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Old 05.02.2019, 23:14
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No experience, 30y old. How hard would it be? -serious-

Let me start off with, due a rare disease i was sick from 18 to 26. Took my time to recover.
So yeah another IT topic. Dont reply if you want to troll.
As my previous statement says. Life was not so easy for me, went through a lot, and finally recover, did my bachelor and so on.

to the point. I lack of experience, lets say 0, in my recovery years i was living off from what i coded, it still pays my bills.

Where i live age is quite important, im from europe, but in switzerland i don't know if it would matter that much. Just be honest ill get the hit.

If it matters, I'm not choosing switzerland because of the salaries, but because of the quality of life and nature. Yup, at the end you really understand what matters the most.

Thanks you.
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Old 06.02.2019, 20:03
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Re: No experience, 30y old. How hard would it be? -serious-

Might help if you can name your coding languages and skills.


In general I don't think it's a problem if you aim for startups and small companies and prepared to start with a low salary (like 70-80k)
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Old 06.02.2019, 20:13
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Re: No experience, 30y old. How hard would it be? -serious-

I agree.

It's not so much about what it says on your certificate as it is about what you can do when you're actually asked to code something.

Generally, programmers are in short supply. Whereas you probably can't go in with top demands concerning salary and such, I think you should be able to land a job. Then you can build up your experience and ask for a higher salary when the time comes.
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Old 06.02.2019, 22:10
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Re: No experience, 30y old. How hard would it be? -serious-

If you can show previous work which is of high enough quality than there are enough companies who don't care about your diploma's/certificates and if and where you worked before.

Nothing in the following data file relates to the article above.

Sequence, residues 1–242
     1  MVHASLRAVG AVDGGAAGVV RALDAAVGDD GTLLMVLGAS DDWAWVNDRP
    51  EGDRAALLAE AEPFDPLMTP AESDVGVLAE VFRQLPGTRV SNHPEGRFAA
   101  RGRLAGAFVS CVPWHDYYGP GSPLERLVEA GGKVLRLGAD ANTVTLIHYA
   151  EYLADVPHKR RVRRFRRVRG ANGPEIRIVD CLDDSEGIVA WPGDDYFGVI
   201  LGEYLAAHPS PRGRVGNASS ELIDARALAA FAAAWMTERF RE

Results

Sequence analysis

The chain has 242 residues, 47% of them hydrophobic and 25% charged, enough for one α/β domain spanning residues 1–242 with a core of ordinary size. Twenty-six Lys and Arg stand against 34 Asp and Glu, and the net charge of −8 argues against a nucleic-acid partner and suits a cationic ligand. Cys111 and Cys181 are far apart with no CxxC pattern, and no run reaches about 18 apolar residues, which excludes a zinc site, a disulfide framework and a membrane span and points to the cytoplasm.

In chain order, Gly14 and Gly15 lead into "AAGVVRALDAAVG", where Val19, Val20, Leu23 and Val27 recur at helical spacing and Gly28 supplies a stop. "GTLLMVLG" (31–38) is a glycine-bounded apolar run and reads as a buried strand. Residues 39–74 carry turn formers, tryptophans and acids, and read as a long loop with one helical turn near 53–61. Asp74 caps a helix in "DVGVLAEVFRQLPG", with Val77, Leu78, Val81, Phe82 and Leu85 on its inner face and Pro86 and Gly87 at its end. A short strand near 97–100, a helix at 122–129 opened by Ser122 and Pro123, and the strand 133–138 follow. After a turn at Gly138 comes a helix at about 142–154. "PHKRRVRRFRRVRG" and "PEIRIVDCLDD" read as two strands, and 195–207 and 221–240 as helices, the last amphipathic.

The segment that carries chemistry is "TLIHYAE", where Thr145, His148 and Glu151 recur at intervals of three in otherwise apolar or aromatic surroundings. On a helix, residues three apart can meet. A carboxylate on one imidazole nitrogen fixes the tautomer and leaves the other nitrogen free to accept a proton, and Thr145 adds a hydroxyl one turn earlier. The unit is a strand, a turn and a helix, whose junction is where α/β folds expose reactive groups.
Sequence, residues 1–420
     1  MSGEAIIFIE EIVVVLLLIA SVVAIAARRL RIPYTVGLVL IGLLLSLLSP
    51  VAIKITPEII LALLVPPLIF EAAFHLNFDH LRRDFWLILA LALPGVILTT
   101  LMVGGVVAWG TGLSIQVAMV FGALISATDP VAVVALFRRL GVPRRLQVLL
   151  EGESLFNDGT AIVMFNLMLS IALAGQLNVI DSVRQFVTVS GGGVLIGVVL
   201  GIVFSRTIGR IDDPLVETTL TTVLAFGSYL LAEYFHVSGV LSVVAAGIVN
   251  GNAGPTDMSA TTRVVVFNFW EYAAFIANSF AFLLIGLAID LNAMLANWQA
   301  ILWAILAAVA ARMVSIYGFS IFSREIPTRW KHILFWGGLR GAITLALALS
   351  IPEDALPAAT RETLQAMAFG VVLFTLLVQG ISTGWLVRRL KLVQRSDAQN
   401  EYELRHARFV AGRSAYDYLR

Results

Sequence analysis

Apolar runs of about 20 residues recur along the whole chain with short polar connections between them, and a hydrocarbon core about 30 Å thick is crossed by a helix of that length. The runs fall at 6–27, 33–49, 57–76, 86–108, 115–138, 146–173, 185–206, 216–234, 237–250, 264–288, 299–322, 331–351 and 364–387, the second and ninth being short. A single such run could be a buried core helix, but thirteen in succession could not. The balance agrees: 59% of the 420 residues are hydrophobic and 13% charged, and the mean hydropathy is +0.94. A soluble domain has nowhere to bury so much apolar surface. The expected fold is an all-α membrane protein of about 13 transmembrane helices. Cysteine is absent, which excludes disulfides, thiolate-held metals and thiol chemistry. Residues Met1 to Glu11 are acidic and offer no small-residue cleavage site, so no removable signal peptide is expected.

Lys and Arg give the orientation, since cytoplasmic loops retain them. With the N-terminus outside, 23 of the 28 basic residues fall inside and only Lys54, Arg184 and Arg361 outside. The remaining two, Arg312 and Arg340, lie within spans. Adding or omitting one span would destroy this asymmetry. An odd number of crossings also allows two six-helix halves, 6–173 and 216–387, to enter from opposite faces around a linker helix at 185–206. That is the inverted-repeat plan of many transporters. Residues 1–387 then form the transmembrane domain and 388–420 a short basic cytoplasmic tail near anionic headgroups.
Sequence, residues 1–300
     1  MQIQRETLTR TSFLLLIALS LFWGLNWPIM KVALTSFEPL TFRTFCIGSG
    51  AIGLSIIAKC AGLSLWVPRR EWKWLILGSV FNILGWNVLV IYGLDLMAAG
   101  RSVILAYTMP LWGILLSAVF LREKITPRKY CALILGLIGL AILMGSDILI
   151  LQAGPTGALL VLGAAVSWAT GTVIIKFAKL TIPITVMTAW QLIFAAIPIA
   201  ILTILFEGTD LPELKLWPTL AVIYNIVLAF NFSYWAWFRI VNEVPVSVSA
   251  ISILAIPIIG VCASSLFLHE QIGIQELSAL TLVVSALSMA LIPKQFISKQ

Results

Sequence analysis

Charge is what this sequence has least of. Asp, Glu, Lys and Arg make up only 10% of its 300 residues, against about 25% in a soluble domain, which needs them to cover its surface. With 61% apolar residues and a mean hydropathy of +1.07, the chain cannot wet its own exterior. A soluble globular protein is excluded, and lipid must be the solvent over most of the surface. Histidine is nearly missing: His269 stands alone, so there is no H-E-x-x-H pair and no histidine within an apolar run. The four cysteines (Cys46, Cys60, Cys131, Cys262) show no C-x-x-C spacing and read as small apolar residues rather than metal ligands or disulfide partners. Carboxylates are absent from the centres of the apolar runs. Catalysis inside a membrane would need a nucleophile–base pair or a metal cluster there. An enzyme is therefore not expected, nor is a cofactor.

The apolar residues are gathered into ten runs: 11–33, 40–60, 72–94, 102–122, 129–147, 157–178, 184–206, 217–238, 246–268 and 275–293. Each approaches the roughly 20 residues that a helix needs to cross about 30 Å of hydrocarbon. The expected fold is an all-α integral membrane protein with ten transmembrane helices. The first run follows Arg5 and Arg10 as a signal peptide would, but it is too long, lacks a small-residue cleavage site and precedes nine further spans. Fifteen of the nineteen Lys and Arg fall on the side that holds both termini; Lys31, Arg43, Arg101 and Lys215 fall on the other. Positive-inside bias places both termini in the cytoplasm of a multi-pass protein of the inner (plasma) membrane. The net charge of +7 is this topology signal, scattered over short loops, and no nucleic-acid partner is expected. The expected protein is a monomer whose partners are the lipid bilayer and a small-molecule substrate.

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Old 06.02.2019, 23:51
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Re: No experience, 30y old. How hard would it be? -serious-

I have 0 working experience.
My github has like 4 years of different projects/test and stuff.. nothing serious.
Maybe the biggest thing that i have is the project that is paying off my bills, but im not sure if sharing that would be a good idea. Im ready for the junior position though, not asking for more. Just wondering if age is a matter, which looks like it doesnt.
I know a bit of everything, but very basic. I mostly google till it works
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Old 06.02.2019, 23:55
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Re: No experience, 30y old. How hard would it be? -serious-

Seems like it was a stupid question. A hobby turned out into a vocation.
Been disqualified for being 30 from 2 offers. In my hometown
PD: how do i edit a message.. jesus
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Old 07.02.2019, 00:36
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Re: No experience, 30y old. How hard would it be? -serious-

https://swissdevjobs.ch
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Old 07.02.2019, 07:44
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Re: No experience, 30y old. How hard would it be? -serious-

You don‘t say much about what direction you want to take. I would suggest keep applying for software engineering jobs, particularly in places where you can use a variety of technology area as well as your programming languages - e.g. DB, networks, security.

If you are applying in Switzerland, outside of the banking world, pharma, Google, large international companies, unless you have local language skills it will be more difficult. Not impossible, but there will be others with the language skills who live locally in the front of the queue.

Recently, we went to a presentation at the local careers advice centre about education and training at secondary school level and beyond. The expectation is that many people will expect retrain midlife for a different career than the one they started on leaving formal education. I‘ve worked in IT for just under 30 years and met many who started in one profession (military, teaching, police, chemist) and moved over to IT in their later years.

The thing is to just keep applying - it isn‘t easy if you get lots of rejections. Get and entry level job and get some project experience under your belt.

Good luck!

Cheers,
Nick
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Old 07.02.2019, 11:27
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Re: No experience, 30y old. How hard would it be? -serious-